Second, I have now included a New Here? page for people to get acqauinted to the site - you can check out that page for some of my favorite posts and to access this primer.

Third, there are now multiple ways that you can connect with The Cowation: you can subscribe via RSS or email, Tweet me @thecowation, Like the Facebook page, go to the related Tumblr and DeviantArt, or listen to me talk on SoundCloud. These are all on a deck of buttons that are to the right of the screen. Since they can be pretty overwhelming, I am including a breakdown of how each of these options benefit you after the jump! Also after the jump, there is a primer on how to use the site if you're just starting out.

All of the following information and more can be accessed at the page How to Use The Cowation, which is also linked right above the Labels dropdown menu and in the New Here? page.

The 4th of July and Understanding American Patriotism

Monday, July 4, 2011

Quick! What are three things that people do on the 4th of July?

If you answered: canvassing, voter registration, and wearing a VoteBot suit, then you are correct! Oh, and there may have been some fireworks thrown in there somewhere.

Although this way of celebrating the 4th of July is also atypical for me, it has gotten me thinking about all the different ways people can view and celebrate this momentous American holiday.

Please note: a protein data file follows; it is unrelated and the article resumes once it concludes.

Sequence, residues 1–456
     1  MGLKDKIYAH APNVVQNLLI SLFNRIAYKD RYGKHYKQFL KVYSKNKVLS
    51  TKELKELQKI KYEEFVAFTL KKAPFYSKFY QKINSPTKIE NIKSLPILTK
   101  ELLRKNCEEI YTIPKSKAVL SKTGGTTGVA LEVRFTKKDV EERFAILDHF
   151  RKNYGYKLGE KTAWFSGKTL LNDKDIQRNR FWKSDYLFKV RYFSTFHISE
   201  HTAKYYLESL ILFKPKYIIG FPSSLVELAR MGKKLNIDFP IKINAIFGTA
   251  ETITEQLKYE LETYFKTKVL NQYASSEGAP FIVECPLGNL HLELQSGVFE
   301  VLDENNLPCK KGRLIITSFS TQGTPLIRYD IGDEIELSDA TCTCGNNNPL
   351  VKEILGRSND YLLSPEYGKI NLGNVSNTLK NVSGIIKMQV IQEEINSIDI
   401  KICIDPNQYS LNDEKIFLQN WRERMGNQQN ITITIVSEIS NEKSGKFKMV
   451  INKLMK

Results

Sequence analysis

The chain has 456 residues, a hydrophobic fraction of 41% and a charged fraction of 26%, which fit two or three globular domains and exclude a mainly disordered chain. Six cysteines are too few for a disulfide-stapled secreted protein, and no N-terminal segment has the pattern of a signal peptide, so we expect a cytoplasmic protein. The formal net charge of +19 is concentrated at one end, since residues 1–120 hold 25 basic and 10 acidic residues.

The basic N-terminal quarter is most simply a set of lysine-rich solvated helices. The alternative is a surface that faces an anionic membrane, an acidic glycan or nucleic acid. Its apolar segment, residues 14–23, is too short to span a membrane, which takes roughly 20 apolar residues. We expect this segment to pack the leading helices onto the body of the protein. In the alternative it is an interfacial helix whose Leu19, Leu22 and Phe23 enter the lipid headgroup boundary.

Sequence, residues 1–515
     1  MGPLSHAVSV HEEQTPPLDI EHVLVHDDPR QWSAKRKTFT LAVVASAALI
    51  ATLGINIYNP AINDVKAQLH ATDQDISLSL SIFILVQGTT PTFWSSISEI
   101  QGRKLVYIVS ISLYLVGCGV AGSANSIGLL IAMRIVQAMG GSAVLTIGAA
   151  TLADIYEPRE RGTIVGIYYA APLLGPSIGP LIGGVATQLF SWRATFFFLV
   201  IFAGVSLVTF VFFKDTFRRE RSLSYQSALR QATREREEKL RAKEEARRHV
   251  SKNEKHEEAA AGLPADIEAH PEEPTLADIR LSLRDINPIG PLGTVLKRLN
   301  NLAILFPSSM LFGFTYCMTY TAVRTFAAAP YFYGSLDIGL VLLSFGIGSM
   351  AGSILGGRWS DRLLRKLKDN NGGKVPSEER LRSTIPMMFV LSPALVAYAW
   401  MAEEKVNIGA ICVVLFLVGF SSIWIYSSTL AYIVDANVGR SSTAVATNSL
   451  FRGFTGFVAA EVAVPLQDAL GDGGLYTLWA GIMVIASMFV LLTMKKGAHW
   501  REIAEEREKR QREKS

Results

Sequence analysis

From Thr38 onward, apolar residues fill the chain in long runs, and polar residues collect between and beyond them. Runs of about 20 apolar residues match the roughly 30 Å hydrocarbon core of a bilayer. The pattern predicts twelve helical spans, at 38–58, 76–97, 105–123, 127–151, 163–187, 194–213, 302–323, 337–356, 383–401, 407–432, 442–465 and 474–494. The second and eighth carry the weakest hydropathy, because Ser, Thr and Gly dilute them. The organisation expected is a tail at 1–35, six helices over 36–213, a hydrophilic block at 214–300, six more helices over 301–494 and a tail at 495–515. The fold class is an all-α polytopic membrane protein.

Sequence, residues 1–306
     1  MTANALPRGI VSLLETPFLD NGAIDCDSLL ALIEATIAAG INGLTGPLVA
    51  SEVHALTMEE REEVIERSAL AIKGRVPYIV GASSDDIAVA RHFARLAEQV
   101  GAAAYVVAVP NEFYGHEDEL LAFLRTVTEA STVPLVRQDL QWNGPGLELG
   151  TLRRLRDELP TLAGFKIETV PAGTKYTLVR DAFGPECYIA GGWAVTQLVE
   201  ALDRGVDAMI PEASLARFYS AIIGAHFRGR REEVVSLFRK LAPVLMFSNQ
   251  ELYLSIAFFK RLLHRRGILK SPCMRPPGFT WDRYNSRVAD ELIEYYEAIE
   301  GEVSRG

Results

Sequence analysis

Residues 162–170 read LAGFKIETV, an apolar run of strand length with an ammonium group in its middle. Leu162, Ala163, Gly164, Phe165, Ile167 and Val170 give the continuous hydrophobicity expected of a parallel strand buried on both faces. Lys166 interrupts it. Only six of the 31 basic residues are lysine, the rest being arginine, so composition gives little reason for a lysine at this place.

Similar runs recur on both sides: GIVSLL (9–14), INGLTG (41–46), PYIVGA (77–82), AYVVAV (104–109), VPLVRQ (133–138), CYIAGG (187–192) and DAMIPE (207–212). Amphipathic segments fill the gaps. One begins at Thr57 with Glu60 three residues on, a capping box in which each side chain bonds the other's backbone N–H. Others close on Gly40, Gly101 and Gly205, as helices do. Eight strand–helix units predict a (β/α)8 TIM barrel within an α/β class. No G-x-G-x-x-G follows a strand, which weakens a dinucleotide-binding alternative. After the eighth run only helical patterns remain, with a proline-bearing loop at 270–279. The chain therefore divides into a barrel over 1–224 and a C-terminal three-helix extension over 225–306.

The 4th of July does not find me consuming copious amounts of alcohol, barbecuing, or flying a giant flag. I am not one to go out and see the fireworks, instead often opting to stay home and comfort my cats as they freak out about the loud noises (well, except for this year where my job is asking me to canvass potential youth voters). But I don't feel that any of these things paints me as less American. What then, does it mean to celebrate this holiday in an "American" way?


The Q: What Are You Doing for the 4th of July? (and Responses)

Sunday, July 3, 2011

This week's question is a pretty simple one (well, I suppose it is for the American readers, perhaps not for others):
What are you doing/did you do for the 4th of July?

I don't quite know yet, but I believe I'll be hanging out at Gasworks Park and telling young people to vote along with my other Washington Bus Summer Fellows.

And here are your fabulous responses to the question: What does fashion do for you?

Video response from Joanne H:

Text responses after the jump.

Caught My Eye: Muslimah Media Watch

Friday, July 1, 2011


Muslimah Media Watch gives a great perspective on voices that are not often allowed to speak in either Western or global media: Muslim women. They bring together broad opinions about representation with very focused stories on the impact of decisions by governing bodies on Muslim women (such as FIFA's treatment of the Iranian womens' soccer team). They represent voices from American patriots and Bangladeshi students alike. This blog gives a broad and informative look at Muslim women, and it is created both by and for them.

Here are three of my favorite posts:
Why Did Tom MacMaster Choose to be “A Gay Girl” Blogging from Damascus?

The Ghettoization of Begumpura Neighborhoods

The Sensational Story That Wasn’t: Reports Of ‘Stoning’ Death Of Ukrainian Girl Turn Out To Be False

Want some more media to digest? Check out more of the Caught My Eye series.